If your heart could get you to commit to few healthier habits, here's what it would have you saying...
Here is the expert advice you should follow for a healthy heart.
What you should be doing for a healthy heart
1) Know your body’s vital statistics
Understanding your cholesterol, blood pressure and weight are all important to help you manage heart-problem risks.
High blood pressure (hypertension) increases the likelihood of heart disease, but many of us don’t know we have it because there are usually no symptoms. So it’s best to get checked at a pharmacy or by a GP, or use a monitor at home. A reading between 120/80mmHg and 140/90mmHg could mean you’re at risk of developing high blood pressure. Seek advice from your GP.
Cholesterol Too much of this substance in your blood raises your risk of cardiovascular diseases. If cholesterol is high, your doctor may suggest controlling it with medication such as statins, as well as lifestyle changes.
Weight Being overweight or obese makes you more likely to have a heart attack because fatty deposits can clog your arteries. Carrying any excess weight around your middle is particularly risky, as it affects how your internal organs and hormones work, raising your blood pressure and cholesterol. Your BMI should be in the healthy (18.5-24.9) range.
Try: an NHS health check. It’s free to over-40s in England and will test you for risk factors that increase your chances of coronary heart disease, including weight, blood pressure and cholesterol. For heart health advice, call the British Heart Foundation’s helpline on 0300 330 331.
2) Make use of what you’ve learnt during lockdown
There have been fewer heart attacks during the Covid-19 crisis, says Woman’s Weekly GP Dr Gill Jenkins. ‘Despite concern that people were frightened to visit a hospital, there’s evidence that having more time to exercise, an enforced slowing down of our frantic lives and even cleaner air from reduced traffic have been protective,’ she says.
- Aim for seven to eight hours sleep a night, with regular bed and wake-up times.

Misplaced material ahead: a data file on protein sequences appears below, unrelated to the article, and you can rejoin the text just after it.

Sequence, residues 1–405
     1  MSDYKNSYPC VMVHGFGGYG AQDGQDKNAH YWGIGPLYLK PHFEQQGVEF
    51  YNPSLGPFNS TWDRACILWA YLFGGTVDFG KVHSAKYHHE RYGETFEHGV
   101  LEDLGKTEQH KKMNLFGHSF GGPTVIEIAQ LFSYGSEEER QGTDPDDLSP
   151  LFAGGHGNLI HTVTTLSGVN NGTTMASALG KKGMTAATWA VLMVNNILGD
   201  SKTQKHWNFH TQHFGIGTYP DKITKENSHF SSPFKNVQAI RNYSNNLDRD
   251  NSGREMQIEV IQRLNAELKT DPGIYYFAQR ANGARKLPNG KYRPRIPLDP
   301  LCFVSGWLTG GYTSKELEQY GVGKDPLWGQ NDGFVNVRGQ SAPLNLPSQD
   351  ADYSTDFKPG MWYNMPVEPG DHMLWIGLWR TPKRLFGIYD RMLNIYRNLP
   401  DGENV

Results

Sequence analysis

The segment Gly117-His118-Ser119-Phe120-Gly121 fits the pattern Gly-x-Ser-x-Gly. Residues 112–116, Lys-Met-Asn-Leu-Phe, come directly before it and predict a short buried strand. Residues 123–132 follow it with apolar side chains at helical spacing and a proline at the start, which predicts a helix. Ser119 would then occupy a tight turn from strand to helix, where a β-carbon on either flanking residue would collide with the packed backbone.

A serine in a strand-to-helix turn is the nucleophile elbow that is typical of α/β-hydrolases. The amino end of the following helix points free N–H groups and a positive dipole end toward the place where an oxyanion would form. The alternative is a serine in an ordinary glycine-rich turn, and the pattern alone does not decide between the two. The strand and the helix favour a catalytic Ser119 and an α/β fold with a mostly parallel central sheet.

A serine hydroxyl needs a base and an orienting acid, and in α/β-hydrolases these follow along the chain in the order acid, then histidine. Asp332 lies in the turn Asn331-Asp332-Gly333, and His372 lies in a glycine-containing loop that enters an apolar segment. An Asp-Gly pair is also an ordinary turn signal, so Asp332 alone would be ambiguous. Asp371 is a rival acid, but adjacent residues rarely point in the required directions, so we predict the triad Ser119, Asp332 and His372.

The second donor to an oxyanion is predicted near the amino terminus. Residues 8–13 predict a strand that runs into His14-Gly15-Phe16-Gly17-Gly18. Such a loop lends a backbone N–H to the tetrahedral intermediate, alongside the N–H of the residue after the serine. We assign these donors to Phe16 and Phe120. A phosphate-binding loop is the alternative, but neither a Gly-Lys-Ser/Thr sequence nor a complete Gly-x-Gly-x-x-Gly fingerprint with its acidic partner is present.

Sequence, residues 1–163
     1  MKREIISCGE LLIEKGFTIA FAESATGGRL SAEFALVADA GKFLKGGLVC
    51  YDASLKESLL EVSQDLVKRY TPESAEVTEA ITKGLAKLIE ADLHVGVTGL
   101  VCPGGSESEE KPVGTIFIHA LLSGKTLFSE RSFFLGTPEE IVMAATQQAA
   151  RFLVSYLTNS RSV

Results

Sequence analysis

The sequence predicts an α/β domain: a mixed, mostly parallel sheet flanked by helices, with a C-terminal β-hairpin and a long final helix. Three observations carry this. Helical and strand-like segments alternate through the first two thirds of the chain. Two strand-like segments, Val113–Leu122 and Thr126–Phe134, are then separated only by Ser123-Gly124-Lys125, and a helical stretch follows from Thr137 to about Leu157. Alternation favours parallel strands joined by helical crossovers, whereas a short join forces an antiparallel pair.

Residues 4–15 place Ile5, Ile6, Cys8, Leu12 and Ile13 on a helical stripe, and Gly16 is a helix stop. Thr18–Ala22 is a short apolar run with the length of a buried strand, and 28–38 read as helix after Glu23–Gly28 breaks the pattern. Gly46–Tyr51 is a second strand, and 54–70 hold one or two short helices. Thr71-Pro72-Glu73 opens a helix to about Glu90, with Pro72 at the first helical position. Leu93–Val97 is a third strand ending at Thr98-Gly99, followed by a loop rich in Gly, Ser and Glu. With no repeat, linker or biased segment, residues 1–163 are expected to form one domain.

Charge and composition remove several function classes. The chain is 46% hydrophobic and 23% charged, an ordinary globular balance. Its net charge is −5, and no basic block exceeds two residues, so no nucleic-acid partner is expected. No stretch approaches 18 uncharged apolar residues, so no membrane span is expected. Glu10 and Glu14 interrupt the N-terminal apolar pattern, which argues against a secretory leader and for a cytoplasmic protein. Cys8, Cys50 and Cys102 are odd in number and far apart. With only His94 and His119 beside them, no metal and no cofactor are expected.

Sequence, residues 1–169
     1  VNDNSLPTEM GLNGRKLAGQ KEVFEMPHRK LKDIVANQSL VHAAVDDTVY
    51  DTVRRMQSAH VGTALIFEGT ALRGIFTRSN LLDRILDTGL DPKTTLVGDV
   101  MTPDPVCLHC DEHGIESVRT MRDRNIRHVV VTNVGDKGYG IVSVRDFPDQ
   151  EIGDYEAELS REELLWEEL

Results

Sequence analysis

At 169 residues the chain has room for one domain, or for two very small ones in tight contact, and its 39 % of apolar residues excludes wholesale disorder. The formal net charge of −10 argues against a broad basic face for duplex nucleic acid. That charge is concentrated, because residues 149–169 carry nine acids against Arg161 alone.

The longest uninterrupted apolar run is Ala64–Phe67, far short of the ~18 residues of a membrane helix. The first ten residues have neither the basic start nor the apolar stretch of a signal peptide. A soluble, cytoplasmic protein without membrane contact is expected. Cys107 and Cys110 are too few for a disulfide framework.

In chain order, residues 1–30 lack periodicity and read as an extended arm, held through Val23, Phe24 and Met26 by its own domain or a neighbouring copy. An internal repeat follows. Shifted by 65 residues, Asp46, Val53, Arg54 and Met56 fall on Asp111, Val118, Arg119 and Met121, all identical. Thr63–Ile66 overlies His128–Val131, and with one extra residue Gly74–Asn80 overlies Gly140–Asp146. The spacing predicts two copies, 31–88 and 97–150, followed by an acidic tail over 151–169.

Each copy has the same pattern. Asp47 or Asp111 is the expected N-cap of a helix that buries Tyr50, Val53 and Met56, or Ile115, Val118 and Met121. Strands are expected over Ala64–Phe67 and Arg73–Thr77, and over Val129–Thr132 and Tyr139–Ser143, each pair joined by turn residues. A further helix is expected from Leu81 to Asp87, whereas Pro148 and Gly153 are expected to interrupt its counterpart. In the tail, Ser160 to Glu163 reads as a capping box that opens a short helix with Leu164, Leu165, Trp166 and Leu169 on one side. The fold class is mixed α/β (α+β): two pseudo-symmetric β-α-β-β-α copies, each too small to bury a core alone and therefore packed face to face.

- Do regular stretching exercises, such as yoga and Pilates, to keep your arteries, as well as your body, flexible. Japanese studies found that people over 40 who were less supple had stiffer arteries, raising their risk of high blood pressure and cardiovascular disease.
- Don’t smoke. Smokers are twice as likely to suffer a heart attack. ‘Smoking releases a chemical called acrolein that stops ‘good’ HDL-cholesterol from transporting ‘bad’ LDL-cholesterol back to your liver for processing,’ says GP Dr Sarah Brewer.
Try: to drink smart. Too much alcohol can increase your risk of developing an abnormal heart rhythm, high blood pressure and having a stroke. Stick to the recommendation of less than 14 units a week.
3) Walk as much as possible
Exercise can halve your risk of heart disease by giving you a strong, healthy heart. It will help keep your weight, cholesterol and blood pressure in check – all of which can have serious knock-on heart-health effects.
Aim for 30 minutes of moderate activity, five days a week. You don’t have to do it all in one hit – three 10-minute bursts throughout the day is fine.
‘Opt for aerobic exercise – anything that gets your heart pumping but allows you to talk,’ says Dawn Matthewman, personal trainer at Dan Roberts Elite.
But it doesn’t have to be ‘organised’ exercise. Doing housework, gardening or even preparing meals counts – anything that gets you moving. The advantage of cooking meals from scratch is knowing what’s going into them so you can keep them heart-healthy.
Try: a brisk walk. Other great heart-friendly activities include dancing, jogging, cycling or swimming. But check with your doctor first if you’re not used to exercising.
4) Enjoy a Mediterranean-inspired diet
‘Good heart health is directly associated with what you eat,’ says nutritionist Rob Hobson. ‘Eat a Mediterranean-inspired diet, choosing foods that are high in fibre (fruit, veg, pulses, lentils), and healthy fats (olive oil, nuts, seeds, avocados), as well as lean meats, low-fat dairy and oily fish (rich in heart friendly omega-3 fatty acids).’
Too much saturated fat causes high cholesterol and raises your risk of coronary heart disease. So swap full-fat milk for skimmed, and hard cheese for soft. Plus steam or grill food instead of frying.
Choose wholegrain over white. Brown rice, wholewheat bread and pasta contain more fibre and nutrients, and, eaten regularly, they can help reduce the risk of heart disease. Try other wholegrains such as bulgar wheat and quinoa.
Try: DIY treats. Snacks can be a nutritional disaster area for your heart, so make your own bakes, biscuits and bars to control the level of fat and sugar. Find recipes at bhf.org.uk
5) Ditch the salt
Eating too much salt can cause high blood pressure, meaning your heart has to work harder to pump blood around your body, increasing your risk of heart attacks and strokes.
Aim for no more than one teaspoon (6g) of salt a day. Gradually cut back by sprinkling less on your food and into your cooking to let your taste buds adapt.
Try flavouring your food with herbs and spices, pepper, lemon or lime.
Think you don’t eat much salt? It’s not just what you add to your food – three-quarters of the salt we eat is already added. It’s found in ready meals, takeaways, processed meats, condiments, sauces, snacks and even sweet treats such as pastries. So read labels carefully, and try to cut back on these high-salt foods.
Try: a salt alternative. LoSalt for example, (£1.70, Sainsbury’s) has two-thirds less sodium than regular table, sea and rock salt. It isn’t suitable for some people, so check with your GP.